* Partner, McGuireWoods LLP, Richmond, Virginia. J.D., 1977, University of Virginia; B.S.I.E., B.A., 1973, Rutgers University.
** Partner, Virginia Estate & Trust Law, PLC, Richmond, Virginia. J.D., 1998, University of Virginia; M.S., 1988, Boston University; B.A., 1986, Virginia Polytechnic Institute and State University.

Closed Meetings Under FOIA Turn Fifty: The Old, the New, and What to Do

Tyler C. Southall* 

The Commonwealth of Virginia boasts the location of the first permanent English settlement in the nation and takes pride in its long history of meetings of representative bodies. Since 1968, the Virginia Freedom of Information Act (“FOIA”) has ensured the public access to those meetings in order to provide that “[t]he affairs of government are not intended to be conducted in an atmosphere of secrecy since at all times the public is to be the beneficiary of any action taken at any level of government.” Although FOIA allows meetings to be closed to the public for various topics of discussion,3 one might expect to find that given Virginia’s long history and the law’s expectations of openness, Virginians would have long ago reached agreement on the law and practice surrounding open and closed meetings. However, since the beginning of 2016, legislators have pushed stricter penalties for violating FOIA, an elite public university found itself in a firestorm over a closed meeting, the Supreme Court of Virginia weighed in on a closed meeting case, and the Virginia Freedom of Information Act Advisory Council (“FOIA Council”) issued opinions reminding government entities of the nuances of the law. In a political environment that has become increasingly contentious, elected and appointed officials have reason to fear for the legal, ethical, and political implications of their actions every time they enter a closed meeting.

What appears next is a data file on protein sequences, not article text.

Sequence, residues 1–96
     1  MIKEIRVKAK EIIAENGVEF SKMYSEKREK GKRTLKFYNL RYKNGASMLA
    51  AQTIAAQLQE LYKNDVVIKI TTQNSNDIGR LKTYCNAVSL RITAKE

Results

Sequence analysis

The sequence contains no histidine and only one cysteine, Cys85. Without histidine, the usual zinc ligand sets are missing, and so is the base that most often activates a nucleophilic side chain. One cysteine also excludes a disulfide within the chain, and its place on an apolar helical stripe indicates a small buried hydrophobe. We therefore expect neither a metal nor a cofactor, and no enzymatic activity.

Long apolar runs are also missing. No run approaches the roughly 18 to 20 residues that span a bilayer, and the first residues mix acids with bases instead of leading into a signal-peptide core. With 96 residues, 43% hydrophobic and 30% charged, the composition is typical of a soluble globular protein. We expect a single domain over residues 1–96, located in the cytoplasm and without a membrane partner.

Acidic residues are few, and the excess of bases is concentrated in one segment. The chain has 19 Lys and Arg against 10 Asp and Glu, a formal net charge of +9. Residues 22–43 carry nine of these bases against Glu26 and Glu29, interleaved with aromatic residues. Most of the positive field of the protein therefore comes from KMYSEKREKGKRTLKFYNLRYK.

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* County Attorney, Dinwiddie County, Virginia. J.D., 2009, University of Virginia School of Law; B.A., 2006, University of Virginia. All views expressed by the author are his own and not necessarily the views of Dinwiddie County.

Virginia Ranks Forty-Ninth of Fifty: The Need for Stronger Laws Supporting Foster Youth

Nadine Marsh-Carter*, Bruin S. Richardson, III**, Laura Ash-Brackley*** & Cassie Baudeán Cunningham****

In 2017, 446 youths left the foster care system in Virginia without a permanent family. The most recent data shows that nationwide, approximately 20,500 youths leave the foster care system without a permanent family each year. Out of fifty states, Virginia is ranked forty-ninth for the rate at which youth exit the foster care system without permanency. In 2016, Virginia had 19% of foster youth age out of foster care as compared to 8% nationally.

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* President & Chief Executive Officer, Children’s Home Society of Virginia, Richmond, Virginia. J.D., 1995, University of Richmond School of Law; B.A., 1986, University of Richmond.
** Chief Advancement Officer, Children’s Home Society of Virginia, Richmond, Virginia. J.D., 1989, University of Michigan Law School; B.A., 1986, Washington and Lee University.
*** Chief Programs Officer, Children’s Home Society of Virginia, Richmond, Virginia. M.S.W., 1989, University of Maryland; B.S.W., 1985, West Virginia University.
**** Policy & Research Analyst, Children’s Home Society of Virginia, Richmond, Virginia. J.D., 2011, University of Richmond School of Law; B.A., 2008, Virginia Commonwealth University.